Using a teacherless task to develop student interaction

The first teacherless task I ever came across was in the first edition of Headway Upper Intermediate. Students were given the scenario of a murder mystery and each given a card with a different piece of information. They had to work together to solve the mystery, without any teacher intervention, obviously using only English.

The activity always went brilliantly and produced a lot of language. It was, of course, a task-based lesson, devised before TBL became a mainstream idea. Later, thanks to Simon Marshall, a long time colleague and friend of Mario Rinvolucri, I discovered that the teacherless task was something Mario was writing about in the late seventies. So, once again, there’s no such thing as a new idea.

What defines a teacherless task, however, is that it is always a problem-solving exercise where the students have to work together in order to solve it.

In Teacherless Tasks (sadly out of print), Rinvolucri specifies three different types of these tasks:

-          The students are given a logic puzzle in which the sentences describing the situation are divided up between them. They need to memorise their piece of information, then put the information together in order to solve the puzzle.

-          The students are each given a sentence from more than one short anecdote. They need to memorise their sentence then find the others who have the same anecdote as them before finally putting the sentences in order. They then need to prepare to tell the story fluently before being put into new pairs or small groups to share their stories.

-          The class is split in two. One half has the scenario of a typical lateral thinking logic puzzle. For example, Romeo and Juliet are found dead on the floor, amidst a small puddle of water and some broken glass. What happened?  The other half of the class has a clue each. For example, Romeo and Juliet are quite small. The questioners ask those with clues any questions they like and anyone whose clue helps can answer the question. (Incidentally, if you don’t know this puzzle, the answer is that Romeo and Juliet are goldfish and the cat knocked over their bowl)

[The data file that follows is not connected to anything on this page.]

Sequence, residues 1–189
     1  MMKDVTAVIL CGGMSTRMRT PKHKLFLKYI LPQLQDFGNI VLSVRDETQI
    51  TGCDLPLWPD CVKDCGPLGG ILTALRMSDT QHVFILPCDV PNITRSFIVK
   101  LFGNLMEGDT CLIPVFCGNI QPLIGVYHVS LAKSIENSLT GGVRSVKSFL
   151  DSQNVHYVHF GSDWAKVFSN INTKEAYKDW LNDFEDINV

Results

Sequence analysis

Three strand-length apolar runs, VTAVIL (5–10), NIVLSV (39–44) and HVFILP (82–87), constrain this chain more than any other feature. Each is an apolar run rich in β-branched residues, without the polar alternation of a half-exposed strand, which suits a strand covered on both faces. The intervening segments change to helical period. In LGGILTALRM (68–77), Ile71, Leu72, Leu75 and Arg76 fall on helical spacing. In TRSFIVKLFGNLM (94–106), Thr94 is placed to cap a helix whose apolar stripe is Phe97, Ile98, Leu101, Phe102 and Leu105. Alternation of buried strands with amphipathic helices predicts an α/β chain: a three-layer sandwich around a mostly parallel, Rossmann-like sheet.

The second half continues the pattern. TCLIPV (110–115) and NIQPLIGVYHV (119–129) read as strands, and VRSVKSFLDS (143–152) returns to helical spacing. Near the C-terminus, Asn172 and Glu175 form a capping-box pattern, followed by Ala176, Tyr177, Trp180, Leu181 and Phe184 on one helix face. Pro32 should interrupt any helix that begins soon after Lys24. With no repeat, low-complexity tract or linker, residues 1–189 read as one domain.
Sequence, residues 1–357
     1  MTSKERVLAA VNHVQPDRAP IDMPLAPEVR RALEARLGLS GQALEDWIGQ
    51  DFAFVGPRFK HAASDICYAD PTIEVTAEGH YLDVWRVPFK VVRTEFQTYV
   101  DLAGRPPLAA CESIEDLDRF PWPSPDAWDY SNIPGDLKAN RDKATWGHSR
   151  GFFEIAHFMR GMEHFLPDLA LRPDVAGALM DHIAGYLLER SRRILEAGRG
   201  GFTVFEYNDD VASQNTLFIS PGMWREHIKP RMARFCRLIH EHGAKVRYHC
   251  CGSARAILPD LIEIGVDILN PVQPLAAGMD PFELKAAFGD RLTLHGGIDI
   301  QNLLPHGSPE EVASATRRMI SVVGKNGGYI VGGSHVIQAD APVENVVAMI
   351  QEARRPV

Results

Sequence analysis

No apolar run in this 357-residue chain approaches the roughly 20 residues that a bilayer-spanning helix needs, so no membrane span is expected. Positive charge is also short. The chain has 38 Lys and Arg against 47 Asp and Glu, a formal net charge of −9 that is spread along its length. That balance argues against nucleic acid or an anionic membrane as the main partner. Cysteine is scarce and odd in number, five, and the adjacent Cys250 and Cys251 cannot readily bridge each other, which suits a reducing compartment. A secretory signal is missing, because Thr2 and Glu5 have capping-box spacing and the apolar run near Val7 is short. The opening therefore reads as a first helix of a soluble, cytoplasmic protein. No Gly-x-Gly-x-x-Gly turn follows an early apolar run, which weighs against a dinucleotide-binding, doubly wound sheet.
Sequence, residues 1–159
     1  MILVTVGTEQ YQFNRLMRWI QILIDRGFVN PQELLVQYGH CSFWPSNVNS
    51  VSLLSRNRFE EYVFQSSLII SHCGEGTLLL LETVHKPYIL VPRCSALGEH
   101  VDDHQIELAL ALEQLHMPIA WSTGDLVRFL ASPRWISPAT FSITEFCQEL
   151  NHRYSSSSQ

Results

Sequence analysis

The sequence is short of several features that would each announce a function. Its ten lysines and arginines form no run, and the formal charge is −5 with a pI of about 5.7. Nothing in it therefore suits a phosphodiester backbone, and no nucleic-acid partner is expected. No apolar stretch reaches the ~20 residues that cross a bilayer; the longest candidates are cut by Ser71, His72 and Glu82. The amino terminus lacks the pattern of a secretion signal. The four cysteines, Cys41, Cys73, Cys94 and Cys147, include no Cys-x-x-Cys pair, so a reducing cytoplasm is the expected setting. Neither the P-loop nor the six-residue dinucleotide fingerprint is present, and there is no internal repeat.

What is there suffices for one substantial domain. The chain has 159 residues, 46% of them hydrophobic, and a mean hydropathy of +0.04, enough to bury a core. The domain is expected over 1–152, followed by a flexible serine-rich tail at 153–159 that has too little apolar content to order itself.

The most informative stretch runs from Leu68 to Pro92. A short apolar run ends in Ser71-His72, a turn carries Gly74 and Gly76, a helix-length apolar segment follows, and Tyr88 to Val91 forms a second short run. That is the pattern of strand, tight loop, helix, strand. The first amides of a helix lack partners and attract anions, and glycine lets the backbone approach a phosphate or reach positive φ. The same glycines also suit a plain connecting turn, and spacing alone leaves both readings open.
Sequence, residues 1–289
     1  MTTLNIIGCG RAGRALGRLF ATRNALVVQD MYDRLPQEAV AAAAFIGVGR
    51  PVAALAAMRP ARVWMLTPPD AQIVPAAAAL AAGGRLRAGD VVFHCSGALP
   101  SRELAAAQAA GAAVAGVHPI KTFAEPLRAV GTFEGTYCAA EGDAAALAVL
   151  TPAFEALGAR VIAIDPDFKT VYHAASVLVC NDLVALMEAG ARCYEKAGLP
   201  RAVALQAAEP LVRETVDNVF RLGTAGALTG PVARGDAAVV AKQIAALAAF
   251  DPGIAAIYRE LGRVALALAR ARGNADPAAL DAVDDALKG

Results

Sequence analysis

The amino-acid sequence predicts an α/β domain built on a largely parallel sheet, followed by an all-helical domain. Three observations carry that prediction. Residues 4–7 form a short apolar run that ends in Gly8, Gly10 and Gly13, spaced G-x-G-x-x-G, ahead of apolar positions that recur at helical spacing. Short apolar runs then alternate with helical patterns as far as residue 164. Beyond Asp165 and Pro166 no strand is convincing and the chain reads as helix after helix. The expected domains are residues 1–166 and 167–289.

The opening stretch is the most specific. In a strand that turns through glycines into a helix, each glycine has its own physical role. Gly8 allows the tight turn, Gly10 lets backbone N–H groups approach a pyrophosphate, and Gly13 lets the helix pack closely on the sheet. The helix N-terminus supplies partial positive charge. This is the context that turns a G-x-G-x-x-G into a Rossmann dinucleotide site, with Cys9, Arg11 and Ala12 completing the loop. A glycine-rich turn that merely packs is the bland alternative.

I included a teacherless task like this in Premium B1, together with an exercise on ‘managing’ a conversation. See below if you want to try it out. There are j-pegs from the Students’ Book and Teachers’ Book.

The teacherless task can really help to develop interaction between the students in the following ways:

-          Each person only has a small part of the information, so everyone has to work together to solve the problem.

-          Every piece of information is essential, so everyone has to join in.

-          Fitting the information together is a complex process, so the students have to listen to each other much more carefully than they might usually do.

-          If students cannot understand each other they are forced to ask for clarification rather than relying on the teacher to ‘interpret’.

-          It is highly motivating, providing a genuine reason to communicate.

-          You often find that students who have previously been quiet come to the fore, as this task requires different skills, such as logical thinking.

-          Solving the puzzle brings a sense of achievement and encourages greater group cohesion- it’s a kind of team building exercise!

The focus is primarily on communication. However, you can start by looking at the kind of interactional language they might need, as in the example from Premium above. You can also note down any errors and carry out some feedback at the end- making sure that you do focus on their achievements as well.

6 Comments

Filed under Speaking, Teaching methodology

6 responses to “Using a teacherless task to develop student interaction

  1. Pingback: Using a teacherless task to develop student interaction | TELT | Scoop.it

  2. Pingback: Using a teacherless task to develop student interaction | Linguagem Virtual | Scoop.it

  3. Pingback: Using a teacherless task to develop student interaction

  4. Hi Rachel,

    Love the way you set up the Romeo and Juliet goldfish puzzle. When I was a summer camp counselor, I used to love these kinds of games. They were a great way to keep students together when hiking. I still use them at my school. I will give students one question on Monday and the students have one week to tell me the correct answer. Students are allowed to ask me a yes/no question anytime during the week. If a student has already asked me the question, I won’t answer, but will just say something like, “check with S-Chan about that.” So I’m using a similar activity to try and facilitate out of class English usage. But I can see how providing just the right clues would allow the students to answer the question in a shorter time period and to get a lot of focused English work in. Gonna give it a try. And it would probably work great at the beginning of the semester as a first step before I turn it into an out-of-class activity.

    Kevin

  5. Pingback: Rachael Roberts best blog posts - ELTSquared.co.uk

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